So is Cobb in the dream or not?
Christopher Nolan has answered this question many times for fans of the film. And the main thing we have to understand is that the whole point of this puzzle movie is duality.

And it doesn't really matter if Cobb is dreaming or not. It doesn't matter to him, it doesn't matter to us.

What matters is that he is with his children, whom he has longed for, and with whom he can finally spend time.

This raises the next main point of the film - are other levels of our reality, such as dreams, less important than the level on which we live?

Could it be that all levels are equally important?
There is another version - that in fact Cobb's totem was not a spinner, but an engagement ring, which appeared in dreams and disappeared in reality.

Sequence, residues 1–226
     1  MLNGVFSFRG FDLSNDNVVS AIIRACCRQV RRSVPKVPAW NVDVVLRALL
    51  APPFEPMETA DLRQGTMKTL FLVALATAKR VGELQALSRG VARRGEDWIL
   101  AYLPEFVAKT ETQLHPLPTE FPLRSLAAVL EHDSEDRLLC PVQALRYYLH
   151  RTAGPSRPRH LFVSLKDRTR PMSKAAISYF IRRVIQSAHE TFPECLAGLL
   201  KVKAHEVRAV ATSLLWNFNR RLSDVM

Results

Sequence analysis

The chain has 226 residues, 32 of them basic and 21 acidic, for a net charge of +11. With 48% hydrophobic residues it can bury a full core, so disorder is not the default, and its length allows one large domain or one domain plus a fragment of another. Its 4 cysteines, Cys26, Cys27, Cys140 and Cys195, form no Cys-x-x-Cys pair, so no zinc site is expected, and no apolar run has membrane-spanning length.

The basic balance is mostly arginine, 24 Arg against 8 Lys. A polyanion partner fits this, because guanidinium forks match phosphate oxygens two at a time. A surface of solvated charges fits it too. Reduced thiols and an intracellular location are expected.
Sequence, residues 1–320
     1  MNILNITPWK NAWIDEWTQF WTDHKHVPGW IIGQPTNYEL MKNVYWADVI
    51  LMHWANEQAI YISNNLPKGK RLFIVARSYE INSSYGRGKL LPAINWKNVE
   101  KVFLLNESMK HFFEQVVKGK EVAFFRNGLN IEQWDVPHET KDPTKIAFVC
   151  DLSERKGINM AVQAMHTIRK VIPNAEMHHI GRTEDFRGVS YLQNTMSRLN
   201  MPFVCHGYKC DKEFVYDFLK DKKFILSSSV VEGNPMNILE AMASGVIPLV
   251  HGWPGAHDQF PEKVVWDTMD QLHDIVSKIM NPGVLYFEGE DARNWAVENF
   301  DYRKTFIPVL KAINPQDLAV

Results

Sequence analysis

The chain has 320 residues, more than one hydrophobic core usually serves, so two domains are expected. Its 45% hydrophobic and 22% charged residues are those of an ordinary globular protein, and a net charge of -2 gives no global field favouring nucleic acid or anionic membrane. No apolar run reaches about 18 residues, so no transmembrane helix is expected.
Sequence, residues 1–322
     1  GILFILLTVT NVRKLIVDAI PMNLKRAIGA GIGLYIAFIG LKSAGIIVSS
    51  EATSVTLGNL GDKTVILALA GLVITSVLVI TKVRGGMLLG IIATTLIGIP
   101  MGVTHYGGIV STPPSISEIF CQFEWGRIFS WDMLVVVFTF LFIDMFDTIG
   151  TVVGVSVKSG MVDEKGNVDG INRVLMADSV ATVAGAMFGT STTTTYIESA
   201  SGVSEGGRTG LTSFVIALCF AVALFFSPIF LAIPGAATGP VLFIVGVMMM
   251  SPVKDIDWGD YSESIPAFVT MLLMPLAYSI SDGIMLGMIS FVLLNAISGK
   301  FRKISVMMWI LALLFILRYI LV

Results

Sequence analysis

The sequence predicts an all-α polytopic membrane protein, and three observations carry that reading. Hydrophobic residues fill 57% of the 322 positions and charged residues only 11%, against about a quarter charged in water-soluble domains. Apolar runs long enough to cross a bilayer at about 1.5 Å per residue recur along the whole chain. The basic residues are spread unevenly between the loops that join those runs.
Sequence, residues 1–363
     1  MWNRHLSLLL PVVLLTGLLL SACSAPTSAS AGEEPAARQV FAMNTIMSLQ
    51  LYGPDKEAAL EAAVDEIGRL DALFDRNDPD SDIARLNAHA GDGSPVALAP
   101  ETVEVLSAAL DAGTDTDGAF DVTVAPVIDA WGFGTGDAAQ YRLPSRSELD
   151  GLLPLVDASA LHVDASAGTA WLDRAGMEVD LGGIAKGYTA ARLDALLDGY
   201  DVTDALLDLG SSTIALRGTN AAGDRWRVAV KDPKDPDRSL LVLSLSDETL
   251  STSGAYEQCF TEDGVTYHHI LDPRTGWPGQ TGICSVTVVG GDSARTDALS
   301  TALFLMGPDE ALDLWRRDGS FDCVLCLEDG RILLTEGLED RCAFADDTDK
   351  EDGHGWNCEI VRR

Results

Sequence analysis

But the main indicator of the meaning of the ending is Cobb's father-in-law. To play his role most authentically, the actor asked Nolan which of his scenes - a dream and which reality. And he replied that when the professor in the frame - it is always real, because this character is not in dreams. From which we can conclude that Cobb did, after all, actually meet his children.

The marketing message of the film

But besides all the mysteries and symbols of storytelling, this film also has a very powerful marketing point.

Namely: an idea, put through the subconscious in our brain, grows and becomes as intrusive as possible.

After all, that's how propaganda and all social media work now: you see 15 times in Instagram how girls are sailing on yachts, and you gradually form the idea that you also have to take a ride on such a yacht!

This is what we do with storytelling - through the techniques and tricks of storytelling, we plant an idea in someone's head, which we then reinforce with our next messages.

This is what I teach in my course, "Storytelling: How to Tell Your Story.

And the fact that my thoughts coincide with the main idea of the film is what I particularly like about it.